tirely lost. Change of occupation is rest, and studies of different 
kinds (as, for instance, history and mathematics) may each prove a 
recreation to a mind wearied with the other. Such an arrangement 
as has been outlined is really a continuous professional course from 
the beginning, in which the proportion of professional studies in- 
creases in each year: it allows the student to work always with a 
definite aim in view, and at the same time the proportion of tech- 
nical work in the early years is not so great as to preclude a change 
of course if the student comes to feel, as he advances, that some 
other branch of professional work than the one first selected seems 
to be better fitted for his capacities. 

Summing up the preceding discussion, the following are the prin- 
ciples which the writer would lay down in answer to the question 
which has been propounded:— 

1. A technical education as given in our civil engineering schools 
is, if properly appreciated and made use of, the best preparation for 
the practice of the profession; and at the present day it is almost a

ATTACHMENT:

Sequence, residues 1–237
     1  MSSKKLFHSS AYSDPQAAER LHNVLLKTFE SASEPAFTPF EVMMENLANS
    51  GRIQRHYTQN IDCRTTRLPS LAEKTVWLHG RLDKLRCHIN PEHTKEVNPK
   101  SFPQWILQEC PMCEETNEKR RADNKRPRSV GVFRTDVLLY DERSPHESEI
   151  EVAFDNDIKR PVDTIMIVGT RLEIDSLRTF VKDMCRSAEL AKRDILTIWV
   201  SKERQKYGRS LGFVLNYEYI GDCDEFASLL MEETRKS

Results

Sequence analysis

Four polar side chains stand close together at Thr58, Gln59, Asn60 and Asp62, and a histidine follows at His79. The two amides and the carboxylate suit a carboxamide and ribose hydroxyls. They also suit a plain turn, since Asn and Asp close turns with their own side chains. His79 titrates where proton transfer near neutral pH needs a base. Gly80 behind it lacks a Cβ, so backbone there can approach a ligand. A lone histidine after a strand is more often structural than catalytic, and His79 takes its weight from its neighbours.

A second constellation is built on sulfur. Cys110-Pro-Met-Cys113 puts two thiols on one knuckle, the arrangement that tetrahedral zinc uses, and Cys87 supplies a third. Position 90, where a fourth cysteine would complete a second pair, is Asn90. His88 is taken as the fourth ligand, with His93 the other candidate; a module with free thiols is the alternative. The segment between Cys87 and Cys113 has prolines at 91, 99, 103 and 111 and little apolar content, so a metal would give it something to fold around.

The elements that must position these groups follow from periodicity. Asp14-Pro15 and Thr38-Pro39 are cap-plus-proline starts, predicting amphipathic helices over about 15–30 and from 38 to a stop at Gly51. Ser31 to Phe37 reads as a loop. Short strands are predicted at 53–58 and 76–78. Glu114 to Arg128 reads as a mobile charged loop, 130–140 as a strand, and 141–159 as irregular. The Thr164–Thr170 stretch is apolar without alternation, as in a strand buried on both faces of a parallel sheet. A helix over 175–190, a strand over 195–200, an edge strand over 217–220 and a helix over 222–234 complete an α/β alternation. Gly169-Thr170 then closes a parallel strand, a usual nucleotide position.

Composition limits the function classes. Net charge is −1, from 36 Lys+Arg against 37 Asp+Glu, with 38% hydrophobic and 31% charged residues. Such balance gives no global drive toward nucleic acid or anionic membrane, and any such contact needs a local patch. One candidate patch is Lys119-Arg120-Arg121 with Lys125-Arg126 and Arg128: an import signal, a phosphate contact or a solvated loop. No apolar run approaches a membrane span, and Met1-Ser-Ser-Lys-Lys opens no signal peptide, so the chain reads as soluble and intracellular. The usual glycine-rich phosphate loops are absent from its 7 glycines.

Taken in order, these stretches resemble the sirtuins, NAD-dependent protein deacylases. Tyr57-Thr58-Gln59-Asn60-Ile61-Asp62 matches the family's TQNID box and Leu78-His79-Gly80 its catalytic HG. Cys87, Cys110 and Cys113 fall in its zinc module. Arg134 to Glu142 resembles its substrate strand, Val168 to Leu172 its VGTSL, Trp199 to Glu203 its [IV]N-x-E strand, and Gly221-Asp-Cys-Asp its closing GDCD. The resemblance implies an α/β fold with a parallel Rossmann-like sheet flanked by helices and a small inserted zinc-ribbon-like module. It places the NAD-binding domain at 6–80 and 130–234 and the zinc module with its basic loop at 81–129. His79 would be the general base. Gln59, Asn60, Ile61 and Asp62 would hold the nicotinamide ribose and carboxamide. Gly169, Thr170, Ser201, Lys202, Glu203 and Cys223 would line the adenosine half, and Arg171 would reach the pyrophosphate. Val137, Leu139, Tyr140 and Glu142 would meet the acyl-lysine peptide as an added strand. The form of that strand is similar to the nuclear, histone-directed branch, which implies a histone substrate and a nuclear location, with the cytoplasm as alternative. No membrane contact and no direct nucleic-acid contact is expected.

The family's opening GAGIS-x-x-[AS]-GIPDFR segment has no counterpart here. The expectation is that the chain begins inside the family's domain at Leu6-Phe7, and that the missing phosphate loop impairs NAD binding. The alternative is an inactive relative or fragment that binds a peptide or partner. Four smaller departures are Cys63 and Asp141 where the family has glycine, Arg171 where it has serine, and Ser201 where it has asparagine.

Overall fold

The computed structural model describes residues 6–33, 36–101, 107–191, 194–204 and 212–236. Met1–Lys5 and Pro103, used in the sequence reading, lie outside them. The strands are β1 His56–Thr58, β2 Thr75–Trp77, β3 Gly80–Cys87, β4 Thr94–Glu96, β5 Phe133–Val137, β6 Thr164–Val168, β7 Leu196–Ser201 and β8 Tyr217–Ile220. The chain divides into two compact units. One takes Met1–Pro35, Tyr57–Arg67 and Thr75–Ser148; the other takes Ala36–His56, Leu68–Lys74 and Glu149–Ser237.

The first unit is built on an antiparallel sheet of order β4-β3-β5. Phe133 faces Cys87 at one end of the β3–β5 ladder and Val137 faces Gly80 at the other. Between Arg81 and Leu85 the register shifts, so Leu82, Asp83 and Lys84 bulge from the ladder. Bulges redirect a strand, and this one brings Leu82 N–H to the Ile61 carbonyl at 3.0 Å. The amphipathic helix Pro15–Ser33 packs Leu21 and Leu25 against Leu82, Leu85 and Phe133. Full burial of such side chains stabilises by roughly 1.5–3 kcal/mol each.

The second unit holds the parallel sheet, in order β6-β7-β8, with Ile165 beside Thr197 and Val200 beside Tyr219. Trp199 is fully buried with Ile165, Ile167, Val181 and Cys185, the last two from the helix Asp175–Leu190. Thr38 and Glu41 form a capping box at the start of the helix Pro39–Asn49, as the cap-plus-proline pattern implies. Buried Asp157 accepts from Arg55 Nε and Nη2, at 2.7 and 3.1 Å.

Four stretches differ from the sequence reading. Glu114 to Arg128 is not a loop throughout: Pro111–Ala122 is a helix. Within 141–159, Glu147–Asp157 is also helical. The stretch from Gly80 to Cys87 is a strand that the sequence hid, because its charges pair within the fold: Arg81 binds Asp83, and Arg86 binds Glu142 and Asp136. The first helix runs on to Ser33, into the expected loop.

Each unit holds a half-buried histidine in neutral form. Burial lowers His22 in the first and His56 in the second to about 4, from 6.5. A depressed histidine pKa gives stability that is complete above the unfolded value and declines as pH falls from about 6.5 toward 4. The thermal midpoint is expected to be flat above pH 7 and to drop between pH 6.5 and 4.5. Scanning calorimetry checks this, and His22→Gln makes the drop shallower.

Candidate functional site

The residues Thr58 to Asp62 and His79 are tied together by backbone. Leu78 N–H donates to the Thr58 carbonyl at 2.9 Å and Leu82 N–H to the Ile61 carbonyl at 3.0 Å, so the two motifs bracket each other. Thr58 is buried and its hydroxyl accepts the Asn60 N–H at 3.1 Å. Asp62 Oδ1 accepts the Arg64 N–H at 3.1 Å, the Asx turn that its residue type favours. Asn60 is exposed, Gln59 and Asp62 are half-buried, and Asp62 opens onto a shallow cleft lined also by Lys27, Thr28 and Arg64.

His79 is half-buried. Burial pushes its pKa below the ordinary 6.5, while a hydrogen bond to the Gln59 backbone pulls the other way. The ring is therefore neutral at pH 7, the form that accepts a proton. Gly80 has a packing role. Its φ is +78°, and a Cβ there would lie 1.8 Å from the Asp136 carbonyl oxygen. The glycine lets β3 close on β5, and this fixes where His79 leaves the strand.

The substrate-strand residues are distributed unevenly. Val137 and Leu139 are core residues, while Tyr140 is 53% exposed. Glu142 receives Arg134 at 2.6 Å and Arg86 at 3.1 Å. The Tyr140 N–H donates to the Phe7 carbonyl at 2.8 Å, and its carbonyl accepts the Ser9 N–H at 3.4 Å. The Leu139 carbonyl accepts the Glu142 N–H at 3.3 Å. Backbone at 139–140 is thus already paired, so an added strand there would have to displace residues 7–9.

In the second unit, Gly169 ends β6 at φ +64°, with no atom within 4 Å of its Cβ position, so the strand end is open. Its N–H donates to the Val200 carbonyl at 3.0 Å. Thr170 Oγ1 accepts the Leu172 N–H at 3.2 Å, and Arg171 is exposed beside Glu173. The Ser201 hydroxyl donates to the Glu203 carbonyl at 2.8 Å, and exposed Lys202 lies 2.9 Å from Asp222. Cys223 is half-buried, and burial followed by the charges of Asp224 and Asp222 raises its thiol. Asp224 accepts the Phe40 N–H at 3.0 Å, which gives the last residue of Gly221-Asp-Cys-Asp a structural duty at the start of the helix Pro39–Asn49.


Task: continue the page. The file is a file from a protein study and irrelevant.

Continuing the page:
2. In laying out an engineering course, the aim should be, first of 
all, to develop broad-minded men, who can observe correctly, reason 
logically, express themselves in language and on paper, — men with 
imagination and with character and with good physical develop- 

3. Useful subjects of study, which admit and require training in 

Engineering Education ig 

Inking, should be preferred to studies which are mere accomplish- 

f the mind and observation 

e!y give information. 

what is taught is not as im- 

;aching profession should be better 

able men. 

.gineering professions 

4. Studies which involve disciplin 
should be preferred to those which r 

5. Subject to the above 
poriani as how it is taught. The 
paid and made more attractive t( 

6. The curriculum leading to any of the t 
should be almost entirely prescribed. 

y. The choice of a profession should be made as early as prac- 
ticable, and a continuous course should be arranged with that pro- 
fession in view, from the beginning of the higher education. A 
course of five years, or perhaps of six years, either in one institution 
or in two, seems to be desirable for a thorough preparation. 

8, The American Society of Civil Engineers should recognize the